Extension for state wages committee sought
Tuesday, April 1, 2014
The Legislature’s Joint Interim Committee on State Employee Wages wants to hire a consultant, to do a complete study of state workers’ salary and benefits.
But for the past two years, the committee hasn’t won any money in the state budget to pay for such a study.
So state Rep. Mike Bernskoetter, R-Jefferson City and the interim committee’s chairman, wants the Legislature to extend the committee’s life for another two years, “so we can continue to meet.”
Bernskoetter presented his resolution Monday to the House Workforce Development and Workplace Safety Committee.
“We have been meeting for three years,” Bernskoetter explained. “We’ve done what we could on our own, with the House Research Staff.”
At the end of the first year, 2011, the interim committee confirmed what most in state government were pretty sure they already knew: Missouri government workers rank last among the 50 states in wages earned.
But some have suggested that, when other benefits are added to those paychecks, the picture’s not so bad.
So, committee members determined in 2012, hiring a consultant to study the total pay plan and benefits — and to compare those with other states and with private businesses, should give everyone a better total picture.
State Sen. Mike Kehoe, R-Jefferson City, has been an interim committee member and is ready to sponsor Bernskoetter’s resolution in the Senate.
He sees the panel as the “long-term look for what we’re doing for state compensation — it’s more the 10-, 15- or 20-year look.”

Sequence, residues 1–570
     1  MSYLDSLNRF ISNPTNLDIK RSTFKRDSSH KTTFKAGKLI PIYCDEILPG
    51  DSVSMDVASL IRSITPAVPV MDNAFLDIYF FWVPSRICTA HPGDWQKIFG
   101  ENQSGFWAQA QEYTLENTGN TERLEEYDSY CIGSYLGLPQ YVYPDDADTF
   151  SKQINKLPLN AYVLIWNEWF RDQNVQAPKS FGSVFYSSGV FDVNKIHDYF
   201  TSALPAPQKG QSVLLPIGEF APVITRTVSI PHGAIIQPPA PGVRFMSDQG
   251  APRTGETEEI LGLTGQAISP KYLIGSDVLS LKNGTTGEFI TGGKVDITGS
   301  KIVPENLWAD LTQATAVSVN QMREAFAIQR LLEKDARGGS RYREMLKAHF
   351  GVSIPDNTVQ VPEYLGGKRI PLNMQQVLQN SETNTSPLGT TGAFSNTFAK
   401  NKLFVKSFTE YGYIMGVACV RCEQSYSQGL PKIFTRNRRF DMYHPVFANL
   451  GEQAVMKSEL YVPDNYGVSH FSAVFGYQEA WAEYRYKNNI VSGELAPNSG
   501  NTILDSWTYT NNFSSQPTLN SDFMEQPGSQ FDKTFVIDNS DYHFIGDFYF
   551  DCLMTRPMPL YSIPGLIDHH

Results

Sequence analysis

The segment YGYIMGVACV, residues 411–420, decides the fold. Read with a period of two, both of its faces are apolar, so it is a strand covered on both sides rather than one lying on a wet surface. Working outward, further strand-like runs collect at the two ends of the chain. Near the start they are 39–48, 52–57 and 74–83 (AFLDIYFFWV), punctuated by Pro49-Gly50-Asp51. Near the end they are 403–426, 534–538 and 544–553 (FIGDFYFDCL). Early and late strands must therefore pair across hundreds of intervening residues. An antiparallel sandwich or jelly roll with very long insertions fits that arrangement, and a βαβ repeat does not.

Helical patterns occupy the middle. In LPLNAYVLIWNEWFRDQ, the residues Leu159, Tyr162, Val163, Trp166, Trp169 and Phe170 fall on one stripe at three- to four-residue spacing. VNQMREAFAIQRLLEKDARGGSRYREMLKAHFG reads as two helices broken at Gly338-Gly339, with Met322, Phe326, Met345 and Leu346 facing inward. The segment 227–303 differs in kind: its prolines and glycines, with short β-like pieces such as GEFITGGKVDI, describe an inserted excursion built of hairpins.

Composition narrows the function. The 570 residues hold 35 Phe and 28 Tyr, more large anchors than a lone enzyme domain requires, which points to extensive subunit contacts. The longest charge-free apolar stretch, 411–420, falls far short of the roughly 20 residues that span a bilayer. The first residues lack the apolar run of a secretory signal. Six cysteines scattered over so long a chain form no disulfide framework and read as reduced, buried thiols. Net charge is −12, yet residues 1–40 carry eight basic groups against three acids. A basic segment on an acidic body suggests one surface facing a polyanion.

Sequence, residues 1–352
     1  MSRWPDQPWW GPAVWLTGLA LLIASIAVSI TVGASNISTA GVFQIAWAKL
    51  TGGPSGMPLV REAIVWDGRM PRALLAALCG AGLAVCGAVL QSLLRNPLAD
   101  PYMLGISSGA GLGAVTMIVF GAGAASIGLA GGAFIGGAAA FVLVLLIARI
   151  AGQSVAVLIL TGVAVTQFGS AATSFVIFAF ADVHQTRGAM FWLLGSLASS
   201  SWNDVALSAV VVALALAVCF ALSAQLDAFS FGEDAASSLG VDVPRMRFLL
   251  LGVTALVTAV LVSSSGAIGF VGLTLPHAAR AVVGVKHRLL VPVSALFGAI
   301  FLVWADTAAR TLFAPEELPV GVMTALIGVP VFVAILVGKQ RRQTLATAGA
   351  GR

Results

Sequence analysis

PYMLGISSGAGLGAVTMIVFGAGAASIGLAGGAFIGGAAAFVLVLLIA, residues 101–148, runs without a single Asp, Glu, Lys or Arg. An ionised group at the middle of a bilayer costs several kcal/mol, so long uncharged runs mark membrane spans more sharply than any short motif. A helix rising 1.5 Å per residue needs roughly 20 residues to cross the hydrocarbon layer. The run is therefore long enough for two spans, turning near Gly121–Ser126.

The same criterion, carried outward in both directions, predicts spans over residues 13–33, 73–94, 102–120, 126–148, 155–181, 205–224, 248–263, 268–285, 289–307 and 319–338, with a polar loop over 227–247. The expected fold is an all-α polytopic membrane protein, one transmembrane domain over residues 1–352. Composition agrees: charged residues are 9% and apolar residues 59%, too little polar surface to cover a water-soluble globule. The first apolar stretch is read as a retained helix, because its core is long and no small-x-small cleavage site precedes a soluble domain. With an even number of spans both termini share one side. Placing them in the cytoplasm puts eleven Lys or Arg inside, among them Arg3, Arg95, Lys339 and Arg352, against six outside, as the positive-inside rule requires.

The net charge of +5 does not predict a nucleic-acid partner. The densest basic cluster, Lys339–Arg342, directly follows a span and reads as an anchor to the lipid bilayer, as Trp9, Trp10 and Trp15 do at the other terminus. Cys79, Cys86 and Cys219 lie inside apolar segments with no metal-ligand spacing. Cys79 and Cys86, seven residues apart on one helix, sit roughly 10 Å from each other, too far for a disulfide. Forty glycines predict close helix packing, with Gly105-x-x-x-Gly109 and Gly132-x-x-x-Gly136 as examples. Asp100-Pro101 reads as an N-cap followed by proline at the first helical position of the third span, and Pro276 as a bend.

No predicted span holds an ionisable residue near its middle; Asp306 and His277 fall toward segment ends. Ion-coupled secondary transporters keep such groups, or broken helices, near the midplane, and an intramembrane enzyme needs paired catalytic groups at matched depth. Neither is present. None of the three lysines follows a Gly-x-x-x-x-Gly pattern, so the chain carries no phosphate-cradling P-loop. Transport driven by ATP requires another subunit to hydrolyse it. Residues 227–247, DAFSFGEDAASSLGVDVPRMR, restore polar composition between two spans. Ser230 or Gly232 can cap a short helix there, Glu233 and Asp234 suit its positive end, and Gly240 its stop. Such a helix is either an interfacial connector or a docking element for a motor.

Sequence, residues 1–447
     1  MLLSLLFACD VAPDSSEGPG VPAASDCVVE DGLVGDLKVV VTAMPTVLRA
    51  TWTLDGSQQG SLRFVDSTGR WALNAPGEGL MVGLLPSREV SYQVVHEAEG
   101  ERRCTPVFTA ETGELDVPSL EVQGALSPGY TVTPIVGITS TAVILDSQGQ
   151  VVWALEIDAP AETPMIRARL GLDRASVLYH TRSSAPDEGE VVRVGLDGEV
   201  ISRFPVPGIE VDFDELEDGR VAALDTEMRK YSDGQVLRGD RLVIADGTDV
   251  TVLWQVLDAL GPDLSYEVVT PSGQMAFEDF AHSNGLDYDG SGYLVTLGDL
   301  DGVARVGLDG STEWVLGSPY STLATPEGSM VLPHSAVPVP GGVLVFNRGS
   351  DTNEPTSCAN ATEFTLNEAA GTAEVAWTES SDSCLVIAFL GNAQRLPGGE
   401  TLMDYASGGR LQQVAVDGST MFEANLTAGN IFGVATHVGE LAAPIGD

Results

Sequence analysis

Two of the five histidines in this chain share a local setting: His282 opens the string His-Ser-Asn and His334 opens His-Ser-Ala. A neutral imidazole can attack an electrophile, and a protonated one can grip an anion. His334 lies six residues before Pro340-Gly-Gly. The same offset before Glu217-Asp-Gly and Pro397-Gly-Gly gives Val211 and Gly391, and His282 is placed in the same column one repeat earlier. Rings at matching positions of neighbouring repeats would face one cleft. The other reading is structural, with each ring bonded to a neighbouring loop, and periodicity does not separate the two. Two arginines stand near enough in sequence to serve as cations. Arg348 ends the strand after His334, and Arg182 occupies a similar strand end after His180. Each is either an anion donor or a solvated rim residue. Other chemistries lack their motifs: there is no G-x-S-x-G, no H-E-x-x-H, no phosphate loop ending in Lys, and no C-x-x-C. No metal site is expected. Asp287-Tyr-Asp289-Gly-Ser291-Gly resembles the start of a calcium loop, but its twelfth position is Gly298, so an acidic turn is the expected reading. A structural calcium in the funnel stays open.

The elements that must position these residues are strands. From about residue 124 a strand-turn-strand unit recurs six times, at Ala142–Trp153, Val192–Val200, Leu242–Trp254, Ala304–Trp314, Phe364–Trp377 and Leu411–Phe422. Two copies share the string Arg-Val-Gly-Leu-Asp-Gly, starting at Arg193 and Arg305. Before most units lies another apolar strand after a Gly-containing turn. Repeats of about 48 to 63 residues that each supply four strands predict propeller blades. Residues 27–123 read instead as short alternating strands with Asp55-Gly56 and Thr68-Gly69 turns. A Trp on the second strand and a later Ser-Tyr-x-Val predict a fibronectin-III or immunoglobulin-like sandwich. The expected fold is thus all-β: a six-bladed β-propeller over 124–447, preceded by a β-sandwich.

Rep. Bill Lant, R-Pineville, who chairs the House Workforce Development and Workplace Safety Committee, told Bernskoetter during Monday’s hearing: “Two issues that I’ve been working with tie directly into this resolution — I’ve found that caseworkers for the Division of Children’s Services have no structure for raises.
“And I also found that, although the General Assembly approved a step-increase program for the Highway Patrol, it’s never been implemented.”
Bernskoetter said many state employees have planned salary step increases built-in to their jobs — but they haven’t been implemented.
In fact, Bernskoetter told the committee, Missouri already has an employees’ salary scale, “and we don’t, actually, go with the scale. We just do $50 here, $500 here (and) 1 percent here, so the scale’s all out of whack.”
Kehoe also sits on the Senate’s Appropriations Committee, where he helps shape the annual pay plan lawmakers eventually write into the budget.
He noted that, for the first time, the House-passed budget includes $300,000 for a consultant to study Missouri employees’ pay and benefits.
“This is a complete compensation study, which we haven’t had done since 1984,” Kehoe explained. “I know there are some state employees who say, ‘Why don’t you just give us that money, and skip the study?’
“Well, it comes down to about $6 an employee a year — or 50 cents each month. Although every amount of money is precious, I think investing in the baseline so that we, the local (lawmakers) have something to talk with other lawmakers about — what is the true baseline and where do we want to go for future generations? — I think it’s a good investment.”
Bernskoetter told the News Tribune he’s not sure the two-year extension will be enough.
“It will take awhile for the consultants to do their part,” he said, “and, once the consultants do their part, it will take time for us to implement it.”
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